Minnesota Senators Get Pay Raise, House Members Don't

July 13, 2017 07:07 PM

When members of the Minnesota Senate received their paychecks earlier this month, they received their first pay raise since 1999.

But members of the Minnesota House of Representatives weren't as lucky.


RELATED: Republicans Weigh Options on Legislative Pay Raise

As of July 1st, Minnesota Senators are earning $45,000 per year - a figure recommended by the Legislative Salary Council in March. 

House members, though, remain at $31,100.

Republican Senate Majority Leader Paul Gazelka said the salary council was approved by voters and put in the Minnesota Constitution to recommend salary levels for the legislature.

Gazelka decided to authorize the pay raises, even though the legislature did not pass funding to specifically pay for them. He said the Senate will use money saved from a hiring freeze and reserve funds to pay for the raises.

RELATED: Council Approves $14,000 Raise for Minnesota Lawmakers

"Whether we had money or not, it's constitutionally mandated to be paid and so that was never an issue for me," Gazelka said Thursday. "If they said our salary was to be $20,000, we wouldn't have paid ourselves $31,000 either. So it was just a clear-cut choice for me. It always has been. The constitution directs it and I try to follow the constitution."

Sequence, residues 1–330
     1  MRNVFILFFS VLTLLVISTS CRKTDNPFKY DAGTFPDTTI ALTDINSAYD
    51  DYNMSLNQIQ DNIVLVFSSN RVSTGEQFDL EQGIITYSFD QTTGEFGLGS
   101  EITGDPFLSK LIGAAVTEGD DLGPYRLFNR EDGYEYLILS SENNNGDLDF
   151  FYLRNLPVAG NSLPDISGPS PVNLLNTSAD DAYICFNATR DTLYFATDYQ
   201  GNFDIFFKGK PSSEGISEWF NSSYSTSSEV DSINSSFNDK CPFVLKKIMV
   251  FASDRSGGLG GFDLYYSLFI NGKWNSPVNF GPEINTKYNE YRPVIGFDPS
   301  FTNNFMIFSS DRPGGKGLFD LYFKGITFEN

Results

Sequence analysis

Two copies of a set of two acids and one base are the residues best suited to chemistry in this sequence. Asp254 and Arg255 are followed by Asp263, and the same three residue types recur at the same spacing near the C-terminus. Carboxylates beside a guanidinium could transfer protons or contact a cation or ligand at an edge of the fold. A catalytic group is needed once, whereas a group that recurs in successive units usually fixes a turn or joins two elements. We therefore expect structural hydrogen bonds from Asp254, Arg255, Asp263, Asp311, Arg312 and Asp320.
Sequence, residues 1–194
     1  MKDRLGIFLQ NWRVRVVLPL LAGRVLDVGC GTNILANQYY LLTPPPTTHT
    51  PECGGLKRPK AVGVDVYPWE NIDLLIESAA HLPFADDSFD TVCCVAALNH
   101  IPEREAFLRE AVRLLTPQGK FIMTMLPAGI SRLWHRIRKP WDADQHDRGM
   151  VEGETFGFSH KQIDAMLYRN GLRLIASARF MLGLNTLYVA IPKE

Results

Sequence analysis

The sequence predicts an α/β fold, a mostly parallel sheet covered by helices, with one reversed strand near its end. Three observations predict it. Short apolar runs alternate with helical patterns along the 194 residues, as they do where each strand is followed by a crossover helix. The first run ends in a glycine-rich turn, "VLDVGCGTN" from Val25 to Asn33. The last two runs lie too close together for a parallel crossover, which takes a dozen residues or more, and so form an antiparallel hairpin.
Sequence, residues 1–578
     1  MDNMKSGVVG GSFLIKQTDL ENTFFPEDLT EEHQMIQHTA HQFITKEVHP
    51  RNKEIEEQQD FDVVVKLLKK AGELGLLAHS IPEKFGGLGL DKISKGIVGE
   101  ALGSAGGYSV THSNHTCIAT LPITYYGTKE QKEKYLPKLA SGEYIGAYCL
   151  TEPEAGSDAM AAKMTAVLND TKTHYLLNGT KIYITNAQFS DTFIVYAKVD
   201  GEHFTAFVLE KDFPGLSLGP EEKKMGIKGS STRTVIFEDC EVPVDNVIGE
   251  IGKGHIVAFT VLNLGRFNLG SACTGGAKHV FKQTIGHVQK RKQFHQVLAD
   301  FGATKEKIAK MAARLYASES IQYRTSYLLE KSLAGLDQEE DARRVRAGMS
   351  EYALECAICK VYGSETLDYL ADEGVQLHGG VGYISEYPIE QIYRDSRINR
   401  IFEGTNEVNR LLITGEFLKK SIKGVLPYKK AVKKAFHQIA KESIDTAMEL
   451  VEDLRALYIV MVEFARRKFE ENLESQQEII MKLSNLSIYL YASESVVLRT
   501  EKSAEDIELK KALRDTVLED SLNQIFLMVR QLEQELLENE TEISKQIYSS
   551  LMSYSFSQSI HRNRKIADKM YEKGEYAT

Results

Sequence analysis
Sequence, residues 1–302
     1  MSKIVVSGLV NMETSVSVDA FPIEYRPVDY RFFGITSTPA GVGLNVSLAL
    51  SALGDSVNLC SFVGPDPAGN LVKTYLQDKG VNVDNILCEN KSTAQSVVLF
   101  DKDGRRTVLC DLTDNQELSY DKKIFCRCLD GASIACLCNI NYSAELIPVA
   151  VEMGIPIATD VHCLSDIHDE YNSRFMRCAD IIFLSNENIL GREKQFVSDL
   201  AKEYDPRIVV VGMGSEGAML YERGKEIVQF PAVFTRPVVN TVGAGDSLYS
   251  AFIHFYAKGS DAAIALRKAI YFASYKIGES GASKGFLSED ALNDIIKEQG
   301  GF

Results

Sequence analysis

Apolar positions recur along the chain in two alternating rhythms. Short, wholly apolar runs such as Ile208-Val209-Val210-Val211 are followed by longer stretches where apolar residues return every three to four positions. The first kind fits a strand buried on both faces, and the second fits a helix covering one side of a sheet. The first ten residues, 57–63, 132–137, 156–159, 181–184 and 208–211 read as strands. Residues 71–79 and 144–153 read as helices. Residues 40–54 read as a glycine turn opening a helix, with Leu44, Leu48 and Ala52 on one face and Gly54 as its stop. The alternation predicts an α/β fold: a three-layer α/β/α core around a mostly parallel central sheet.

Republican House Speaker Kurt Daudt is taking a far different approach. He said the legislature should be more focused on "helping middle-class families" than on a pay raise for themselves.

But Democratic critics of Daudt said it's all about politics.

"He is desperate to become governor and is trying to find every single way to demonstrate to the public that he's trying to block this pay raise," says Rep. Jon Applebaum, DFL-Minnetonka.

The issue is complicated by Governor Mark Dayton's veto of funding for the Minnesota House and Senate. It's been temporarily restored while a judge considers a lawsuit against the governor filed by lawmakers.

A separate lawsuit calls for the legislature to implement the pay raises recommended by the Legislative Salary Council. It might take a judge's order to get a pay raise for members of the Minnesota House.


Tom Hauser

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